MacOS was built with security in mind, and updates keep adding security enhancements. Even so, one researcher discovered an attack that cuts through all the security layers.
When the Macintosh computer was new, Apple touted the fact that Macs, unlike PCs, didn’t get viruses. We know better now; Macs do get hit with malware, even ransomware. But the fact remains that macOS is intrinsically more secure than Windows. That’s why security researcher Thijs Alkemade’s claim to break through all macOS security layers with one attack is such a gut punch. An excited audience of Black Hat conference attendees, both in-person and virtual, clamored to hear details about this surprising claim.
What Makes MacOS So Secure?
“I’ve been a Mac user all my life,” said Alkemade. “It’s a system I know well. The early Mac platform was based on Unix. In that platform, users are security boundaries but processes are not. For files, every file has an owner, and nine flags define permissions. The root user has full access to modify all files, memory, even the kernel. That was the old model.
“System Integrity Protection (SIP) was introduced in 2015 with El Capitan,” he continued. “It put a security layer between the root users and the kernel, protecting the system from modification even by the root user. Root access is no longer enough to compromise the system. One of the other names for this system is rootless. Some people think it means Apple is going to take root away, like on the iPhone. But actually it just means that root is less powerful. Dangerous operations require entitlements, and each macOS release adds more and more restrictions.
“But…macOS is old, large, and established,” said Alkemede. “A lot of system parts were written before the security model changed. It’s not possible to reconstruct the entire system.”
He listed off several techniques that could be used to enable process injection, but concluded they’re just incidental. “It’s much nicer to have process injection that you can apply everywhere.”
Where’s the Security Hole?
Where’s the weakness? Alkemade didn’t keep listeners in suspense. “It’s in the saved state feature,” he explained. “When you shut down, you check a box if you want an app to reopen when you start again. It even restores unsaved documents. It largely works automatically. Developers don’t have to do anything to use it, but they can extend it.”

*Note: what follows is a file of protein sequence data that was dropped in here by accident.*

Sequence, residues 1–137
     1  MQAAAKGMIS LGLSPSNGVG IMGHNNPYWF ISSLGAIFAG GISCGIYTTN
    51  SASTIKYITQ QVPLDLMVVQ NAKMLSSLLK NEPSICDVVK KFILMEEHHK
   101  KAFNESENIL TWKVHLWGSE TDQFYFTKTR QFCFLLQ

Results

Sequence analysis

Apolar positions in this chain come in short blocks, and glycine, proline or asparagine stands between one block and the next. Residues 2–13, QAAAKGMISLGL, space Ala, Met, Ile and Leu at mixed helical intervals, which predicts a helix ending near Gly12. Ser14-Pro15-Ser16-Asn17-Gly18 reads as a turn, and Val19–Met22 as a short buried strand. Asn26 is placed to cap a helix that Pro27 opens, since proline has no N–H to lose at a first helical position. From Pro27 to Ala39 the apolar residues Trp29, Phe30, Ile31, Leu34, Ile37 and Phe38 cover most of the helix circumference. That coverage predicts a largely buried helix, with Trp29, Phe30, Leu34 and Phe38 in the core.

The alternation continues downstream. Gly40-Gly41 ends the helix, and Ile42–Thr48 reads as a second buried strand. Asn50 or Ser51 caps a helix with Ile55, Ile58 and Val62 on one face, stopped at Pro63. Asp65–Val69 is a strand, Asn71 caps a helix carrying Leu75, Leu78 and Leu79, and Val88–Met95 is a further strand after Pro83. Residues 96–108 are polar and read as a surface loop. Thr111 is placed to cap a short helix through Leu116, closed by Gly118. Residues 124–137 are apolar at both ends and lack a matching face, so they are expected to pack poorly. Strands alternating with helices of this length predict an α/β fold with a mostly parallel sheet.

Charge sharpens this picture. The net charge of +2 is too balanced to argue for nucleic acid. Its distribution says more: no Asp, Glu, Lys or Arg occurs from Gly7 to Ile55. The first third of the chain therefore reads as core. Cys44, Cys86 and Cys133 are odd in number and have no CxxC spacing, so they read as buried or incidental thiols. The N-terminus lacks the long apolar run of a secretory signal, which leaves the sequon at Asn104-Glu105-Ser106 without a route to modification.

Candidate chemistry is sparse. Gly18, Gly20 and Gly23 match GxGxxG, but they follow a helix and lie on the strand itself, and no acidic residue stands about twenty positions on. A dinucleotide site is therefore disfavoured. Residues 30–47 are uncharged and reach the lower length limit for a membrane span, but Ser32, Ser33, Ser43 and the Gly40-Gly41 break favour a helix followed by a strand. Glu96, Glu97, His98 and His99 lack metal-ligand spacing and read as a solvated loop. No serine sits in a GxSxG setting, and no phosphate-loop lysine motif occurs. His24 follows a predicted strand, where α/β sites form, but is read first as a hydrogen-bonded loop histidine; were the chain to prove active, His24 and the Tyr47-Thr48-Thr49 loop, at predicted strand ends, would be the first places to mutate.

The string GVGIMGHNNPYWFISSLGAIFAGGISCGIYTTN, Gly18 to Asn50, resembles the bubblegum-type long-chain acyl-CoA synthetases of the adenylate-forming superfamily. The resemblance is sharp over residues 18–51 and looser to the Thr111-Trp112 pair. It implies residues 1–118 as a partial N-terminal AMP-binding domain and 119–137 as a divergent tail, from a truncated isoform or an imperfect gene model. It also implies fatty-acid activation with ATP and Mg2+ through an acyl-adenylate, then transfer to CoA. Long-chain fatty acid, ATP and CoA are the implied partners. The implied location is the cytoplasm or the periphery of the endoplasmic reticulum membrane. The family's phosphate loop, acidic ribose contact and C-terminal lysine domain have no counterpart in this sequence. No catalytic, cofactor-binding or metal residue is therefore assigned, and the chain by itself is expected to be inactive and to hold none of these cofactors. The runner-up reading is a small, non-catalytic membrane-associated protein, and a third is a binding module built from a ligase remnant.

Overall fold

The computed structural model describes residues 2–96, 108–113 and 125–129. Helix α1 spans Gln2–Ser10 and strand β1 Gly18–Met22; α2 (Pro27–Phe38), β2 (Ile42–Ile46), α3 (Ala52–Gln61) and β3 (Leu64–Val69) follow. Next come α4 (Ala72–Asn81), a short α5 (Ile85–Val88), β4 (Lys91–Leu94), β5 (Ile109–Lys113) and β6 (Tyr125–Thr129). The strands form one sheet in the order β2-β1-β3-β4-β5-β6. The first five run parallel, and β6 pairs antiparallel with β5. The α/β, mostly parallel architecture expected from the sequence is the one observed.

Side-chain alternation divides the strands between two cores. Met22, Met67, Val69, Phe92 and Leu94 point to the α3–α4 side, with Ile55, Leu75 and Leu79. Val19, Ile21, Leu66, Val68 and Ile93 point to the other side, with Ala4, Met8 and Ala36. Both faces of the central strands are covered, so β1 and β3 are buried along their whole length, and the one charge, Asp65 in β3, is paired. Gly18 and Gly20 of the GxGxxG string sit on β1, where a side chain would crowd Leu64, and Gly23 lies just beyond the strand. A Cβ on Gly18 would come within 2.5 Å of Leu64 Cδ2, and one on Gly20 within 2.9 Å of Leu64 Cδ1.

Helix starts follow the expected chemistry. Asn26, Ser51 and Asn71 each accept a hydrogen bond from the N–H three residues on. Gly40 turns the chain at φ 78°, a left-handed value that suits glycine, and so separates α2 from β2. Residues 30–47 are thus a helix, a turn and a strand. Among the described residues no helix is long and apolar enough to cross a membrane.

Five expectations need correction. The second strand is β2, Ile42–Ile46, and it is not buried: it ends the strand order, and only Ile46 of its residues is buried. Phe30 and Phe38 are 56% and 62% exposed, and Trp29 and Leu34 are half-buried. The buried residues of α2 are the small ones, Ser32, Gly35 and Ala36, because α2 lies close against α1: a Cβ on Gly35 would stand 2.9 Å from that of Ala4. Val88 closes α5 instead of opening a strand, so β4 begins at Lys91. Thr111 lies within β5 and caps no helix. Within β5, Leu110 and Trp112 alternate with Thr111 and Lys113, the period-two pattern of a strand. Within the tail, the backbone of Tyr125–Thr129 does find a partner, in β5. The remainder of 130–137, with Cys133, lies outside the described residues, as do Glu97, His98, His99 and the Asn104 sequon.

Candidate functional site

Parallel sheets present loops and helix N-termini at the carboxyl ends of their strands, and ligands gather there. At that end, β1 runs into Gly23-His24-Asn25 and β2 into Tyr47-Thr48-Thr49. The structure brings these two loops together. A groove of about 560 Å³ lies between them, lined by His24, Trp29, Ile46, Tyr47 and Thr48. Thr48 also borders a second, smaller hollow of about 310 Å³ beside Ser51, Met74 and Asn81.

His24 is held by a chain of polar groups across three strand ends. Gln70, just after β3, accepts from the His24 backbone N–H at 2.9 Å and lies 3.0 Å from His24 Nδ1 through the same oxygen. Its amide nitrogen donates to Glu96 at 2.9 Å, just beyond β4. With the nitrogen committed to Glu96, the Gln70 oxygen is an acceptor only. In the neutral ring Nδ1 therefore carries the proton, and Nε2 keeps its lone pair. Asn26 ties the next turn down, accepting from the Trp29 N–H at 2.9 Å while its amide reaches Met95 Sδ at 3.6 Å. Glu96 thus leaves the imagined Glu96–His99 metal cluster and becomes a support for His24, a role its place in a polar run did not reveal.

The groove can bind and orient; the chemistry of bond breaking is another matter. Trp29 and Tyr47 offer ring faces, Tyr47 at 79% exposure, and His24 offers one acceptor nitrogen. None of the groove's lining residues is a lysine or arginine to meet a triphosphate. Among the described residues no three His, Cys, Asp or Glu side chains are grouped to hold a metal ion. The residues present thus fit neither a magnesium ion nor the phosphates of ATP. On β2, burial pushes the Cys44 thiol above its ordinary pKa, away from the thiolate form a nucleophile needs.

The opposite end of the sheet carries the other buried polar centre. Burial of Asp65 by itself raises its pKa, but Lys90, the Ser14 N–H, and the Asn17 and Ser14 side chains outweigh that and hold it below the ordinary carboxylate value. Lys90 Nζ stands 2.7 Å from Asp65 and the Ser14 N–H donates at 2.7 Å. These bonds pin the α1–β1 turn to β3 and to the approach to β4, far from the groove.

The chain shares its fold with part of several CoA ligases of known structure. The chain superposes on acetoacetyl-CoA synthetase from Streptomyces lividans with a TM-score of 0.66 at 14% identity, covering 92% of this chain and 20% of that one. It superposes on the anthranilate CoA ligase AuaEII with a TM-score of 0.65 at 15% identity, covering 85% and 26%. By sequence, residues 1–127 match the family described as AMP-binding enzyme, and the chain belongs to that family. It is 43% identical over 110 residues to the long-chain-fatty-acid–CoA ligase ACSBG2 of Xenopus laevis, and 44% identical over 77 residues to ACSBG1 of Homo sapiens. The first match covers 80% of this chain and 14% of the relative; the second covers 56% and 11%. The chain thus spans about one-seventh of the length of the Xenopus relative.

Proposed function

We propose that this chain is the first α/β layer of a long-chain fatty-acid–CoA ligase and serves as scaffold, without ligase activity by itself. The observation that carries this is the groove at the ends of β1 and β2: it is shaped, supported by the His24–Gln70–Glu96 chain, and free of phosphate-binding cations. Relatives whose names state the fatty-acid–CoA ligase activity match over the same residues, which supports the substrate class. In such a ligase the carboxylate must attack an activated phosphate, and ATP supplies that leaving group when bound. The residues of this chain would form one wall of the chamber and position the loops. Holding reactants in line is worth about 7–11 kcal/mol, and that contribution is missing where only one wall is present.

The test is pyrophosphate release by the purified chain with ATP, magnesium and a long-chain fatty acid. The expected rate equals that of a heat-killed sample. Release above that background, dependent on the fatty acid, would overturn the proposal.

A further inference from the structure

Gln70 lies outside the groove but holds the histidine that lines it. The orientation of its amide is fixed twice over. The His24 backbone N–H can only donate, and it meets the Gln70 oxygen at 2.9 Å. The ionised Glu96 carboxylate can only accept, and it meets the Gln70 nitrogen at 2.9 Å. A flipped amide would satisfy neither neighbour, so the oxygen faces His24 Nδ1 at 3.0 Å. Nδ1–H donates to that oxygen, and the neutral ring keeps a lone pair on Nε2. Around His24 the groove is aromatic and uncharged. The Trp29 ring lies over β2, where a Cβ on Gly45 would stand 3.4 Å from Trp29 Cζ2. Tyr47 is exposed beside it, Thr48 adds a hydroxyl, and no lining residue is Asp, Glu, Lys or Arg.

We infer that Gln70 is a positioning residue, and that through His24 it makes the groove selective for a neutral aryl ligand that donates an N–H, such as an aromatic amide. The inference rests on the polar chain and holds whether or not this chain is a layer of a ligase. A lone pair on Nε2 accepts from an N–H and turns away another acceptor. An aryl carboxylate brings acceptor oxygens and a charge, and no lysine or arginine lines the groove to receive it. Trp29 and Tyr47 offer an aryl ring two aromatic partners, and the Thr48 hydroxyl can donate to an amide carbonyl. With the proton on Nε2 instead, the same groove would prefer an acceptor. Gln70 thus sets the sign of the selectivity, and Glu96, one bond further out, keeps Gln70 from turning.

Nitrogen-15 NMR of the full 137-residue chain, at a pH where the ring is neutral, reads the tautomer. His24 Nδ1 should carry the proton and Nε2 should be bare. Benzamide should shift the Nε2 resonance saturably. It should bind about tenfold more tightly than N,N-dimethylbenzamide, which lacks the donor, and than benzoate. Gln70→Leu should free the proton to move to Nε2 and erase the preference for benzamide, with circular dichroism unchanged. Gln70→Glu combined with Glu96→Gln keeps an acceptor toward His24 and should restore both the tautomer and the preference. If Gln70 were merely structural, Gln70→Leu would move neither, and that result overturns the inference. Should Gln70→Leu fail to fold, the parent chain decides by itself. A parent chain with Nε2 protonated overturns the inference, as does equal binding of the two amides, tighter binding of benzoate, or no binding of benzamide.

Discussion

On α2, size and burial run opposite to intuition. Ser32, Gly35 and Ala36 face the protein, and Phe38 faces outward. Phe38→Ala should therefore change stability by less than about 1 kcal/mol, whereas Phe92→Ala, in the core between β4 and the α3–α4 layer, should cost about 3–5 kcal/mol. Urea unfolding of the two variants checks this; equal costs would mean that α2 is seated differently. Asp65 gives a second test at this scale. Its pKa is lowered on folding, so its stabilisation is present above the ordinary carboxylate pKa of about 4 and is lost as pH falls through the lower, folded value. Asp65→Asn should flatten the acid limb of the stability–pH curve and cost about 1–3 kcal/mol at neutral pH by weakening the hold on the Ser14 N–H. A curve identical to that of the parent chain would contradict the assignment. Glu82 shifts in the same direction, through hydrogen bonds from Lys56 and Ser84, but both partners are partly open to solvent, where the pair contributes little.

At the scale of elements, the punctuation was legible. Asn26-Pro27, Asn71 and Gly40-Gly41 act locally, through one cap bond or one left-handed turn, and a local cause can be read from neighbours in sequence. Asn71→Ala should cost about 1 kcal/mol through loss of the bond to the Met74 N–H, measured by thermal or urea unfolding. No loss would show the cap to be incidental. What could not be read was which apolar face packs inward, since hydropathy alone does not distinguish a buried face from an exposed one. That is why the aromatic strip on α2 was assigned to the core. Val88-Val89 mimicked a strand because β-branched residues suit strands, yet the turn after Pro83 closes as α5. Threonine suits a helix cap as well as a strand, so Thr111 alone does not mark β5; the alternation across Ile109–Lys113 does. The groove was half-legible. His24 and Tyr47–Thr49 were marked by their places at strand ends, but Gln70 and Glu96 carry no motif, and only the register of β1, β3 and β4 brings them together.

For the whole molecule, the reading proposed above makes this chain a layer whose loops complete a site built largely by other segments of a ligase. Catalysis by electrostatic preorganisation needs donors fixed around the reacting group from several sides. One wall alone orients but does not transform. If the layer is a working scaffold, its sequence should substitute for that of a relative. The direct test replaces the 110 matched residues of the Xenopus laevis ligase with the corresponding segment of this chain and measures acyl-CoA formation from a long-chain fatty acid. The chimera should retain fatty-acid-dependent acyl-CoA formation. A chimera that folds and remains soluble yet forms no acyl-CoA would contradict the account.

The process of saving an app’s state is called serializing, and the serialized data is meant to be encrypted. However, encryption is not required, which allows a clever programmer to abuse this feature. “I create a saved state using a malicious serialized object and write it to the directory of another application’s state. It automatically deserializes and executes within the other app, and can use the entitlements and permissions of that other app, achieving process injection.”
Alkemade walked the audience through the numerous barricades he encountered, and the techniques he evolved to circumvent them. He did admit, “I have to skip a few steps for time reasons and disclosure reasons.” I won’t attempt to explain the details here, as you need to be a programmer to totally grasp them. The key point is, it worked.
What Can You Do With Process Injection
Alkemade detailed three possible uses for the exploit: escape the sandbox, escalate privilege, and bypass System Integrity Protection.
These are extraordinary claims, given those outcomes are practically the Holy Grail of hacking. Bypassing SIP in particular gives your program supreme power. “We can read email or Safari history of all users, or grant ourselves permission to use the microphone or webcam,” explained Alkemade. “Our process is now protected by SIP, which gives it powerful persistence. We can load a kernel extension without the user’s knowledge or permission.”
Should We Worry?
This security hole is already fixed in macOS Monterey, but app developers need to do their part. “Developers can and should make apps accept only secure serialized objects,” said Alkemade. “Apple has already done that with all their apps, but existing third-party apps need to do the same.”
As it turns out, this new protection isn’t just for Monterey. “I just learned that they back-ported it to Big Sur and Catalina,” said Alkemade. “The Catalina release notes are updated, but not those for Big Sur. I got a spontaneous email from Apple asking to share the contents of my talk in advance. Two hours ago I got confirmation that it’s fixed in Big Sur, though I haven’t had time to verify it.”
“Apple keeps adding layers to macOS,” concluded Alkemade. “Adding new layers to an established system is hard, so code written 10 or more years ago is today’s attack surface. More layers may not increase the effort for attackers, not if you can use the same bug to bypass all of them.”